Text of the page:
It's not the meat, it's the motion

David Bowman reviews the Meat Puppets' re-releases

Published March 23, 1999 6:03PM (EST)

Arizona's Meat Puppets played Minneapolis for the first time in 1982. Prince didn't pay tribute, but H|sker D| did. "Grant [Hart] came up after our show," ex-Meat drummer Derrick Bostrom recalls. "He said, 'All right. We're H|sker D|. You're Meat Puppets. We must bond. Now we show you White Castle burgers.'" What a fitting communion. After all, it was White Castle, not McDonald's, that was America's original hamburger joint, founded in 1921 by two members of the Wichita Masonic Temple. Certainly 1980s "indie" rock was as closely knit a fraternity as the Masons. Indie rockers may not have had secret handshakes, but they all played the same national network of clubs. If a band couldn't sneak eight people into a single motel room, they all crashed on some local band member's floor. The musical prejudices of all these groups swung toward hardcore triple-time macho/fascist rants, but the Meat Puppets soon evolved into a unique combination of progressive and country and feedback-creating music that was the sonic equivalent of Diane Arbus' beautifully grotesque photographs of elderly retards wearing Halloween costumes.

But consider the White Castle metaphor once again. Just as the Golden Arches soon dominated every aspect of the once holy American hamburger, every significant indie group worth its salt signed to a corporate label.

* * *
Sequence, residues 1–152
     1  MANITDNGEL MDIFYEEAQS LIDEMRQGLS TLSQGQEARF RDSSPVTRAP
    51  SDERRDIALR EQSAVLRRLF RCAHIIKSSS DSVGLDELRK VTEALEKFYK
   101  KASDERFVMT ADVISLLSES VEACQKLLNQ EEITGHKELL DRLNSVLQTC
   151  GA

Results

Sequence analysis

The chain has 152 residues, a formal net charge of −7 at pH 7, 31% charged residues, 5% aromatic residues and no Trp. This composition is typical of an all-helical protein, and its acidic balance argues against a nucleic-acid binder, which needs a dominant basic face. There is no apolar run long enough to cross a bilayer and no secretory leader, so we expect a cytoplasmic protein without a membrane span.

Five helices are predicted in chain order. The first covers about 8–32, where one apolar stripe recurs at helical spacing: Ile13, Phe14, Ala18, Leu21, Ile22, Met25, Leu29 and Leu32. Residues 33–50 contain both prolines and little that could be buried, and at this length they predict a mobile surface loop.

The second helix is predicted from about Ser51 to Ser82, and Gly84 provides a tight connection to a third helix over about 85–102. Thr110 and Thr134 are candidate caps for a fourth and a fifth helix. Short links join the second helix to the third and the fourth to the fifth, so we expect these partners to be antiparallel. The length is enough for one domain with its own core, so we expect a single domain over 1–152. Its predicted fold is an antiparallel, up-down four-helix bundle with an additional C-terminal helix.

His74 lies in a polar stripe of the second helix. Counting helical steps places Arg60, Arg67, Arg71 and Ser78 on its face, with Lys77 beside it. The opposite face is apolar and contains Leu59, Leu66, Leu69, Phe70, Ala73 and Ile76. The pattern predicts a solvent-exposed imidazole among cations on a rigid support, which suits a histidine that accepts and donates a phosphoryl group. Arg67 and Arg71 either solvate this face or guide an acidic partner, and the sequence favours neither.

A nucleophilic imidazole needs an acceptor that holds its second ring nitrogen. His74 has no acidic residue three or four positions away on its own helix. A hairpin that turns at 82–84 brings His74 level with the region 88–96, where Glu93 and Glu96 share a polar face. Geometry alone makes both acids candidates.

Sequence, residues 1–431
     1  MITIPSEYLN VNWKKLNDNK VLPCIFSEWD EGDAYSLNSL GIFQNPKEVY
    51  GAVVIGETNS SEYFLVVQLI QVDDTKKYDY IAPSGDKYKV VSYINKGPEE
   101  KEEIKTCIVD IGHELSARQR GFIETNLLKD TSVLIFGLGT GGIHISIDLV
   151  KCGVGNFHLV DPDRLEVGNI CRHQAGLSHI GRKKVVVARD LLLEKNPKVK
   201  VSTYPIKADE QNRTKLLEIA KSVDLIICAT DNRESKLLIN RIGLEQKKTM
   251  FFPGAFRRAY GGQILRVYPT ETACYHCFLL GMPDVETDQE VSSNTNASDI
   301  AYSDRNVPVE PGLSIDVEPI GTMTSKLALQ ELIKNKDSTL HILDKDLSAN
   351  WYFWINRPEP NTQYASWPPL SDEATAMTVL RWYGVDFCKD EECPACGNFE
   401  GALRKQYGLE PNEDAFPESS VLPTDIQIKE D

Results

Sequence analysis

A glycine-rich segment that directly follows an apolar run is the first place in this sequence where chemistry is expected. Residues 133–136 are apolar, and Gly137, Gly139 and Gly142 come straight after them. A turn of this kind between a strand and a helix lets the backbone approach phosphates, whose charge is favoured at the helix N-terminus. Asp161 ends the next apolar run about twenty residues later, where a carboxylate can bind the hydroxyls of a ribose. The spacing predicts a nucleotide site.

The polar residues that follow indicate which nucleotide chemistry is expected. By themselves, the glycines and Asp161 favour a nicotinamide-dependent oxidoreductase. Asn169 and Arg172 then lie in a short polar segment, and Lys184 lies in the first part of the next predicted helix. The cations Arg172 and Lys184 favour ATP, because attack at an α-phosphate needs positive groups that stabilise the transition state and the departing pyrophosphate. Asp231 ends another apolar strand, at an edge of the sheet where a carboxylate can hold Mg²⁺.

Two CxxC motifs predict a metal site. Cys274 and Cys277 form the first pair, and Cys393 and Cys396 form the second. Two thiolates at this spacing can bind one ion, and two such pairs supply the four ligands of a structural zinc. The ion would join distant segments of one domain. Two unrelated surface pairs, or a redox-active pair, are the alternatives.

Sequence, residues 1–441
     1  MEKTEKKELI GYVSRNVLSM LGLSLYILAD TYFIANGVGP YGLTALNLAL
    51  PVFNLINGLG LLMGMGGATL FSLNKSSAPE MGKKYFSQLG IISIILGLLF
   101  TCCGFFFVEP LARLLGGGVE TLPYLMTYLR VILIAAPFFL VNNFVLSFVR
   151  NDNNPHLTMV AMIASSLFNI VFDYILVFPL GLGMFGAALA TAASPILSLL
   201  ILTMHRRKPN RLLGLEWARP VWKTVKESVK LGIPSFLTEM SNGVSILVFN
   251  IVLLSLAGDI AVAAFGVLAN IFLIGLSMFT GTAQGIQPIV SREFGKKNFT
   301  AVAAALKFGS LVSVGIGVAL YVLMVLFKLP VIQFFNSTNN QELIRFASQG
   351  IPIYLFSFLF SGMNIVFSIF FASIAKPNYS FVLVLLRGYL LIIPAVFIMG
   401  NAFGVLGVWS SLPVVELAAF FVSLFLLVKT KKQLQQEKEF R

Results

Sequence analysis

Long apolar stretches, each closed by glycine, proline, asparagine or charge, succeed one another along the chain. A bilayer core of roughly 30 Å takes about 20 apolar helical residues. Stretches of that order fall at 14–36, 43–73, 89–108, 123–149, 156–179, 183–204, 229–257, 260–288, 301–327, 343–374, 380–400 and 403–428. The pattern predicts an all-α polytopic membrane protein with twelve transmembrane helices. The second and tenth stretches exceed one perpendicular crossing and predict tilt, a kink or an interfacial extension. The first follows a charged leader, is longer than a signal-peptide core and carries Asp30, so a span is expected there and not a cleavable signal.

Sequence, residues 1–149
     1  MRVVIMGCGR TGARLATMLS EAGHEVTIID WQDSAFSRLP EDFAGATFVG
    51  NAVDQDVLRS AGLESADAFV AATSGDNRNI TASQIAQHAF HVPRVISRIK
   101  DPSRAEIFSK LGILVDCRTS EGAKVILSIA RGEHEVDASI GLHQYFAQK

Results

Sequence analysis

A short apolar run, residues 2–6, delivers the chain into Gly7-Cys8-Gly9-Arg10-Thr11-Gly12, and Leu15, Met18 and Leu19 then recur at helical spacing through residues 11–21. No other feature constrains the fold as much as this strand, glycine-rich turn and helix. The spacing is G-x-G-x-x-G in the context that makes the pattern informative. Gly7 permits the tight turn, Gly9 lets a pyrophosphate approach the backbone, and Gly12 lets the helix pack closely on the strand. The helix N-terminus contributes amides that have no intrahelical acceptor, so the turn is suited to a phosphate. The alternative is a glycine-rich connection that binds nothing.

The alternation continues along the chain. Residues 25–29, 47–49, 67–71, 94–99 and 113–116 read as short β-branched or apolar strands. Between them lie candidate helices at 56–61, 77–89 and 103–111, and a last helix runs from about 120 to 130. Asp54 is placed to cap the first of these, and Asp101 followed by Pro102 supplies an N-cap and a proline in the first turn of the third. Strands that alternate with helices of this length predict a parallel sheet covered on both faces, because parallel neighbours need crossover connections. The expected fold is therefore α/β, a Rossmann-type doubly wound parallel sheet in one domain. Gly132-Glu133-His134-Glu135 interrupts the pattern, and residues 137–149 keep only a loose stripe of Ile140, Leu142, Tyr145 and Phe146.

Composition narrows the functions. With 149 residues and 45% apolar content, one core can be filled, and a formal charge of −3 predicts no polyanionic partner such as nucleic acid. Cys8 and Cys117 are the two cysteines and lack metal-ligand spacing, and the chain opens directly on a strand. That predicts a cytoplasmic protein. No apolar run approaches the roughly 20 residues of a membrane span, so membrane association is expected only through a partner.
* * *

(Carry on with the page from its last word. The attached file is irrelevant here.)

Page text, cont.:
"They stripped us and tattooed 'A-l-t-e-r-n-a-t-i-v-e b-a-n-d' across our backs," Bostrom claims. Whether or not this is true, the Meat Puppets were the last to get marked. And they wanted so badly to sell out. They weren't proud. Who would walk away from all that dough? But H|sker D| was signed first. Then the Replacements. The Minutemen. It galled the head Meat, Curt Kirkwood, that Kurt Cobain -- who had been just a snot-nosed kid when the Meats were traveling from indie chautauqua to indie chautauqua -- bestowed legitimacy on the Meats by covering three Kirkwood songs on MTV's "Unplugged," Nirvana's unintentional swan song. "Cobain had a nice voice," Kirkwood once told a reporter, then shrugged. "I'm sorry he's dead. Outside of that, big fuckin' deal."

Cobain was the least of it. Once the Meats were signed to London in 1990, they released three lackluster records and then bass player Chris Kirkwood -- Curt's kid brother -- left Phoenix to become a nonfunctioning Hollywood junkie. "We had to put the group in mothballs," Bostrom reports. As this decade ground to a close, Curt hightailed it to Austin to form a false Meat Puppets with Texan players while his kid brother married a Canadian junkie and moved to Tempe, Ariz., where he let his bride croak from an overdose of morphine and cocaine. Meanwhile, faithful Bostrom remained in Phoenix, sorting through the master tapes of the Meats' eight SST albums to prepare them for re-release. Since the start of March, Rykodisc has blessed us with two Meat Puppets records every few weeks. Welcome to a Meat Puppets spring.

If you're unfamiliar with Meats music, you should pass over their first self-titled release. It's crude and noisy and points into Black Flag territory. It is the Meats' second and third albums, however -- "Meat Puppets II" and "Up on the Sun" -- that define their reputation. No records like these two have ever been recorded before unless there are Violent Femmes outtakes floating around where everyone in the band is fucked-up on crystal meth.